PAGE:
This group of books include art books, mazes, novels, and other books that didn't seem to fit into other categories. This is all very arbitrary. I have included Adrian Fisher's The Art of the Maze here, whereas his newest book is in the reference section.

Secrets of the Maze: An Interactive Guide to the World's Most Amazing Mazes, by Adrian Fisher and Howard Loxton
Website: www.mazemaker.com

The Art of the Maze, by Adrian Fisher and Georg Gerster
Adrian Fisher is the world's foremost maze maker. To the British, everything is a maze, even if it is unicursal. The author is mostly involved with multi-cursal designs.
Website: www.mazemaker.com

Doolhoven & Labyrinten in Nederland
There was no foreign language section for Dutch, so this book is here. There is a lot of labyrinth activity in the Netherlands. This book shows both labyriths and mazes in that country. There is a three-page summary in English, in the back.

The Path Through the Labyrinth, by Marian Green
This isn't about labyrinths. It's about how to find one's way through the Western esoteric tradition. Like many books, "labyrinth" is only in the title, or perhaps referred to once or twice. A search at any library will turn up hundreds of books that use labyrinthine as an adjective for complexity and confusion.

Leading from the Maze: A Personal Pathway to Leadership, by Jeffrey Patnaude
If labyrinths are a metaphor for life, why not also for business? It's used in that way, despite some egregious gaps in their knowledge about labyrinths. The point of the book is good:-- leadership isn't about doing clever things, it's about who you are as a real person.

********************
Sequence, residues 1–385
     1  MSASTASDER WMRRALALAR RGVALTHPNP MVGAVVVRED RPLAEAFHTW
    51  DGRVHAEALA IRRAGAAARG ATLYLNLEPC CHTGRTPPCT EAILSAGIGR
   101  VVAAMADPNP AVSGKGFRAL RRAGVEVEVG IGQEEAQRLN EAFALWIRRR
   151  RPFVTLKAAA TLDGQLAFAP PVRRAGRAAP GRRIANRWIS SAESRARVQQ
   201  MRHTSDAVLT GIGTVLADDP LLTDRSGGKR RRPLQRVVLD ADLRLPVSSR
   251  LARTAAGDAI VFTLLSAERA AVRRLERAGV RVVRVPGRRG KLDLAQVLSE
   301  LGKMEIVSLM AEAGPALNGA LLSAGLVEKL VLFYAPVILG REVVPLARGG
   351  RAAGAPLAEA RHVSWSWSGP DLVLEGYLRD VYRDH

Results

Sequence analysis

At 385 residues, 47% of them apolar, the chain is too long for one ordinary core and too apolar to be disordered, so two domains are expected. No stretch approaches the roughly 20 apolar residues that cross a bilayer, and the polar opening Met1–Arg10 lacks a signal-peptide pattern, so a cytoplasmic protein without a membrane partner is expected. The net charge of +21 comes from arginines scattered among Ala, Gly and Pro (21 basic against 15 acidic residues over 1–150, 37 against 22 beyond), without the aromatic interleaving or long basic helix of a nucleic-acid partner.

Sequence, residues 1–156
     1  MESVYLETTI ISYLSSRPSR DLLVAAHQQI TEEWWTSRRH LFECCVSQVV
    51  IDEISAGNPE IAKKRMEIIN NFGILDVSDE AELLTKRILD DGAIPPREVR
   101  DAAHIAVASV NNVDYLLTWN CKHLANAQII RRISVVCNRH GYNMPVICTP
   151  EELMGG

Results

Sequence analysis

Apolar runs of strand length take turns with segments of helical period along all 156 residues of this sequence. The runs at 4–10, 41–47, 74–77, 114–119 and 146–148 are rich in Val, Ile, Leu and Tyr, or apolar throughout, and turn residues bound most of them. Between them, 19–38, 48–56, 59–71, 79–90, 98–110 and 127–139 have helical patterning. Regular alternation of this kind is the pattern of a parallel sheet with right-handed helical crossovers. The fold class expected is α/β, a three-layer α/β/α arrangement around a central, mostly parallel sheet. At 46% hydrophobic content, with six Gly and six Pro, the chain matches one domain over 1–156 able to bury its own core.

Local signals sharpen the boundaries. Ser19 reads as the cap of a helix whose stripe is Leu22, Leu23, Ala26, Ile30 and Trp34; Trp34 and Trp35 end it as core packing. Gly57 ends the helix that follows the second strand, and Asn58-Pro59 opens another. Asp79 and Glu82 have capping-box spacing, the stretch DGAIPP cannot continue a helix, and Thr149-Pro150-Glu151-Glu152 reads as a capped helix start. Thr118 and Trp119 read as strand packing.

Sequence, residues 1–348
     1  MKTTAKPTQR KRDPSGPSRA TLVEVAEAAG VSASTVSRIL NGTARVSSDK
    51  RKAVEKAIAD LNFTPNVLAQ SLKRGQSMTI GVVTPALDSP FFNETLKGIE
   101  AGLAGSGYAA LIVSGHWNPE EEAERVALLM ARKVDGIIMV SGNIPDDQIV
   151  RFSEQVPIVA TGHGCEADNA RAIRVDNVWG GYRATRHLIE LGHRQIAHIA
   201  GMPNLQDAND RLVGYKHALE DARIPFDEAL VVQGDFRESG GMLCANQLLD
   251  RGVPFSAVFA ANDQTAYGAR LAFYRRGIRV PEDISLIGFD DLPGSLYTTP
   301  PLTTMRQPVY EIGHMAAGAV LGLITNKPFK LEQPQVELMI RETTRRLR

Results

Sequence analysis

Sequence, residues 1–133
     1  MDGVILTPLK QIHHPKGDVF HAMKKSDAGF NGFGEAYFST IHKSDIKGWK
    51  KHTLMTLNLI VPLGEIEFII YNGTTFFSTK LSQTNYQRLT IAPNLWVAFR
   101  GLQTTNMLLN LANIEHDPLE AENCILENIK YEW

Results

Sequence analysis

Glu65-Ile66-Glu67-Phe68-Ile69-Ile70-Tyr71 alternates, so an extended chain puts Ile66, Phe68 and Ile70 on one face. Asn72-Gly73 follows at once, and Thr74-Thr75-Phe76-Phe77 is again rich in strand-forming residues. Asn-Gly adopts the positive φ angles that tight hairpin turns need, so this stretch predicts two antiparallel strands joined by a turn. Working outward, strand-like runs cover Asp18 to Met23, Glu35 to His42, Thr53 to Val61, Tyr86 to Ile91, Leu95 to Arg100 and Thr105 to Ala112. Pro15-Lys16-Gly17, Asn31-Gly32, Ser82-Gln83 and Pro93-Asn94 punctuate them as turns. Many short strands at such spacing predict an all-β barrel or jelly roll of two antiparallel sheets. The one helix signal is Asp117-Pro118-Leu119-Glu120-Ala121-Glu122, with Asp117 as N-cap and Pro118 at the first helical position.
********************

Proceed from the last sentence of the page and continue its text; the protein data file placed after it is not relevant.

Magical Labyrinths: Journeys Through Space and Time, by Bertrun jeitner-Hartmann and Thomas Thiemeyer
This is pure art, with labyrinths and mazes drawn from the imagination in glorious full color. I'm not sure why the world needs this book, including one design on a take-out poster. There are a few stange things about the text, which is minimal. Maybe that's part of the mystery. Its advanced graphics are a treat for the artist.

The Hero and the Minotaur: The Fantastic Adventures of Theseus, by Robery Byrd.
This is a childrens book telling the story of Theseus. The drawings are just wonderful.

The Labyrinth of the World and the Paradise of the Heart, by John Amos Comenius
Neither is this book about labyrinths. It was written in the 17th century using the labyrinth as an allegory. This was one of the seminal books in the origination of the Rosicrucian Order. I believe that Father Rapp, who built the original hedge maze in New Harmony, Indiana, in 1814, knew this book and was influenced by it.

Maze? Labyrinth? The Truth? by Graham Burgess
This British maze and labyrinth designer gives a rather erudite arguement that maze is the proper term for unicursal designs and labyrinth for multicursal ones.

Larry's Party, by Carol Shields
This is a novel by an award-winning Canadian author. The protagonist becomes a maze maker. The author died last year of cancer. Her memorial is going to be a labyrinth.

Labirintie Dintorni, by Toni Pecoraro
Black and white drawings and engravings, very coplex, with some labyrinth-like figures included. In Italian.

Walking the Labyrinth: A Very Odd Book of Transition and Transformation, by Dean Montalbano
This book claims it isn't about labyrinths, it is itself a labyrinth. And so it is. I got lost. It is a part of some larger program about hypnosis and open minds. Try: www.HypnoDean.com Aparently there is a DVD that goes with this book.